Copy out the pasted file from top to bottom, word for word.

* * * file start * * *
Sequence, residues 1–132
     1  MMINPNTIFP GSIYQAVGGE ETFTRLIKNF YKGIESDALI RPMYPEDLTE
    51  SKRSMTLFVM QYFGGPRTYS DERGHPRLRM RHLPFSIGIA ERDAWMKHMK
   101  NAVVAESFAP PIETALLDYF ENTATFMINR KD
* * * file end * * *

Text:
Sequence, residues 1–132
     1  MMINPNTIFP GSIYQAVGGE ETFTRLIKNF YKGIESDALI RPMYPEDLTE
    51  SKRSMTLFVM QYFGGPRTYS DERGHPRLRM RHLPFSIGIA ERDAWMKHMK
   101  NAVVAESFAP PIETALLDYF ENTATFMINR KD